Results are summarized in Fig 10 for each classifier along with the corresponding values of the random classifier based on the imbalance present in the data. All classifiers after the hyper-parameter fine tuning procedure perform similarly well, with ROC-AUC values of 0.86 and F1 scores of 0.5 and higher (compared to a random classifier with ROC-AUC of 0.5 and F1 of 0.22).

thumbnail
Fig 10. Classifier performance in gender prediction.

Reported are the ROC-AUC (black) and F1 (gray) scores for the five classifiers considered in the gender prediction. Dashed lines mark the baseline obtained from the random classifier that takes the imbalance into account. High values of area under receiver operating characteristic (ROC-AUC) indicate a strong separation between men and women in the feature space: when presented with a random male and a random female, the classifier will identify the female correctly 87% of times.

https://doi.org/10.1371/journal.pone.0189873.g010

Next, we investigate the question of which behavioral features are most informative regarding gender. To do this, we use the feature importance obtained by fitting a random forest model to the data (Fig 11). We find that that a tendency towards gender homophily in the social networks is the most important behavioral feature; this is true for all three types of interactions that we consider. Some aspects of personality are also important. Within the big five traits, neuroticism and conscientiousness are most predictive, while narcissism and self-esteem are most powerful among the remaining personality tests. High on the list, we also find various communication related network characteristics. With respect to feature types, network indicators are the most important ones, occupying five of the top six indicators.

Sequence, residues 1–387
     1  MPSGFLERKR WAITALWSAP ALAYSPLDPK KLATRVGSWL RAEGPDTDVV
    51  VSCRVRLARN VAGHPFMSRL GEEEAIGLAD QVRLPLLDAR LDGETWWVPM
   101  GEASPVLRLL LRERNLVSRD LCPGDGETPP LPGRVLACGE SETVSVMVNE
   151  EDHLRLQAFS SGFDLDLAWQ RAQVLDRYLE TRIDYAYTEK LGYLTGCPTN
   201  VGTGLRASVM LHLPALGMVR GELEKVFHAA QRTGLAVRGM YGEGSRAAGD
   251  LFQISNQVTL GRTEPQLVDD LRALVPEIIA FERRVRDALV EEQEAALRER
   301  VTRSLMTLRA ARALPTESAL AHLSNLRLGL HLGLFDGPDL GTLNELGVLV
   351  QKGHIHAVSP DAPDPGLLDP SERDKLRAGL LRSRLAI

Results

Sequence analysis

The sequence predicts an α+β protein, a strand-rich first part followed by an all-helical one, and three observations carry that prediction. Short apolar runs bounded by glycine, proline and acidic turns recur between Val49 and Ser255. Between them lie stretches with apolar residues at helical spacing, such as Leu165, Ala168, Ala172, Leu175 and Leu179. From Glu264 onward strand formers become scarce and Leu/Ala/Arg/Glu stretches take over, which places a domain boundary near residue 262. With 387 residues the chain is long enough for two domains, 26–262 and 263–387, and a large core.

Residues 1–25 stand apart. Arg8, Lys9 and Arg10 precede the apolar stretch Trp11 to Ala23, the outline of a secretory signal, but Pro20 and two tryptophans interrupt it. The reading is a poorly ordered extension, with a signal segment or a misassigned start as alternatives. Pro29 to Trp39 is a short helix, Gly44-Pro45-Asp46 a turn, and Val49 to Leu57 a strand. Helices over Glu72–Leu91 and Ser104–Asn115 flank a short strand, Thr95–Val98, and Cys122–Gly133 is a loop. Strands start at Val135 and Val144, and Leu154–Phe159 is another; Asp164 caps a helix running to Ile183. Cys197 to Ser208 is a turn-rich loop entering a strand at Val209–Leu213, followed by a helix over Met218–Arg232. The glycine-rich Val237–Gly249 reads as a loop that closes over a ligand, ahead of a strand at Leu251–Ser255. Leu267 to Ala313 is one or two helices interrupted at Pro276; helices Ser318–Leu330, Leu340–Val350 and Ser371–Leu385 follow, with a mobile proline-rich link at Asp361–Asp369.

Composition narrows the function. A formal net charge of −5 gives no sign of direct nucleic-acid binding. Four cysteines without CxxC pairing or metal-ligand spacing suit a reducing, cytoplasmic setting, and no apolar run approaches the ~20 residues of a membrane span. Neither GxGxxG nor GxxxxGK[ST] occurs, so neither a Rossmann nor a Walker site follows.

thumbnail
Fig 11. Feature importance obtained by random forest.

Color shows the corresponding feature types: BFI (red), personality traits (green), mobility (yellow) and network (purple). The most important features are those who help separate men from women most: women, on average, reveal higher degree of homophily, neuroticism, and conscientiousness, while men tend to score higher in tests on narcissism, and self-esteem.

https://doi.org/10.1371/journal.pone.0189873.g011

Discussion

Conclusion

In this work we have studied gender differences within a population of freshmen. We have been able to identify a number of gender differences in personality traits (measured via questionnaires), mobility patterns, as well as social network behavior based on person-to-person, telecommunication, and online social networks.